Open Mind


November 16, 2008 · 15 Comments

The sequence “ABC” can stand for a lot of things, from the alphabet to a chain of liquor stores. But in the context of climate, it stands for Atmospheric Brown Clouds, which is the subject of a recent United Nations Environment Program report.

The report begins with a bleak outlook on the impact of ABCs:

… increasing amount of soot, sulphates and other aerosol components in atmospheric brown clouds (ABCs) are causing major threats to the water and food security of Asia and have resulted in surface dimming, atmospheric solar heating and soot deposition in the Hindu Kush-Himalayan-Tibetan (HKHT) glaciers and snow packs. These have given rise to major areas of concern, some of the most critical being observed decreases in the Indian summer monsoon rainfall, a north-south shift in rainfall patterns in eastern China, the accelerated retreat of the HKHT glaciers and decrease in snow packs, and the increase in surface ozone. All these have led to negative effects on water resources and crop yields. The emergence of the ABC problem is expected to further aggravate the recent dramatic escalation of food prices and the consequent challenge for survival among the world’s most vulnerable populations. Lastly, the human fatalities from indoor and outdoor exposures to ABC-relevant pollutants have also become a source of grave concern.

Atmospheric Brown Clouds are large concentrations of man-made aerosols emitted due to fossil fuel combustion, biofuel cooking, and biomass burning.. Some of them, particularly sulfates and nitrates, have a cooling effect because they primarily scatter incoming solar radiation back to space. Others, a large portion of which are referred to as “black carbon,” have a net warming effect because they absorb incoming solar radiation. But they have more impact than just absorbing sunlight; they re-distribute incoming energy, altering the balance between surface and atmosphere:

… these aerosols are referred to as black carbon. The heating aerosols absorb solar radiation. Furthermore, the ratio of absorption to scattering exceeds 10 per cent. These absorbing aerosols add solar energy to the atmosphere and alter the distribution of energy in two different ways. First, by absorbing direct solar radiation, which would have otherwise reached the surface, the absorbing aerosols lead to dimming at the surface. This effect is a redistribution of the solar energy between the surface and the atmosphere, and has a significant influence on the stability of the atmosphere by warming the air above and cooling the surface below, suppressing cumulus clouds and cumulus precipitation. Furthermore, dimming will lead to reduced evaporation of water vapour from the surface, thereby impacting precipitation. Second, by absorbing solar radiation reflected by the surface, atmosphere and clouds, the absorbing aerosols reduce the amount of solar radiation that is reflected to space. This results in a net heating of the surface-atmosphere system and therefore constitutes a positive radiative forcing of the climate system and contributes to global warming. Thus, black carbon aerosols are major agents of regional and global warming.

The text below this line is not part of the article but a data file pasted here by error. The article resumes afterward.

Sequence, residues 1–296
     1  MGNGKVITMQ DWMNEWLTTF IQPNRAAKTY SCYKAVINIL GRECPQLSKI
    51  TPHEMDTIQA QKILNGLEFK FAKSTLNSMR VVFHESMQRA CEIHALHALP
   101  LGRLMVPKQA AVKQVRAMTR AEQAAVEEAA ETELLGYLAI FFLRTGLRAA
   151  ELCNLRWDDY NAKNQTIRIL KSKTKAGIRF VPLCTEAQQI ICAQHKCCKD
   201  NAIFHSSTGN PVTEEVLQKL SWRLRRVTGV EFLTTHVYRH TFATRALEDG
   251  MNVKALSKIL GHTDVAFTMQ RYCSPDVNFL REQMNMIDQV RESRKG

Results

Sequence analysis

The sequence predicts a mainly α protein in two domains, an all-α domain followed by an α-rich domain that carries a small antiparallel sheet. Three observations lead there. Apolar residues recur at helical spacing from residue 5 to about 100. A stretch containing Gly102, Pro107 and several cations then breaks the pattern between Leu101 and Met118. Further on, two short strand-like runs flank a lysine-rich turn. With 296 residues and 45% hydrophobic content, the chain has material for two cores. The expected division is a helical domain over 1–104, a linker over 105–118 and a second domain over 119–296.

Furthermore, ABCs can have an impact on cloud properties:

Aerosols in ABCs nucleate cloud drops. The enhancement of the cloud drop population increases the reflection of solar radiation (making the clouds brighter) which leads to dimming and surface cooling. In regions with copious amounts of ABC aerosols, competition for water between nucleating aerosols causes cloud drop size to decrease, and this inhibits the formation of larger size drizzles and rain drops. The net effect is an extension of cloud lifetimes, that is, the polluted regions are cloudier with brighter clouds. This latter effect also leads to dimming and surface cooling. The radiative changes due to the two effects above are referred to as indirect radiative forcing.

Among the many impact of ABCs is to reduce greenhouse-gas warming at the surface while increasing warming in the atmosphere, to increase surface levels of ozone (threatening human health), and to alter the patterns of rainfall including the intensity of the Indian Monsoon. Also, the pollutants responsible for ABCs have a direct impact on food crops, reducing productivity quite apart from their effect on climate. Furthermore, they pose a threat to the Himalayan glaciers (and therefore to the water supply of Asia) because of the enhanced warming created at higher altitudes:

Most of the studies, if not all, attribute the retreat of the Himalayan glaciers to rising air temperatures. Warming is much more pronounced at elevated levels of the Himalayan-Tibetan region. The warming trend at elevated regions (>3 km) is as much as 0.25°C per decade since the 1950s.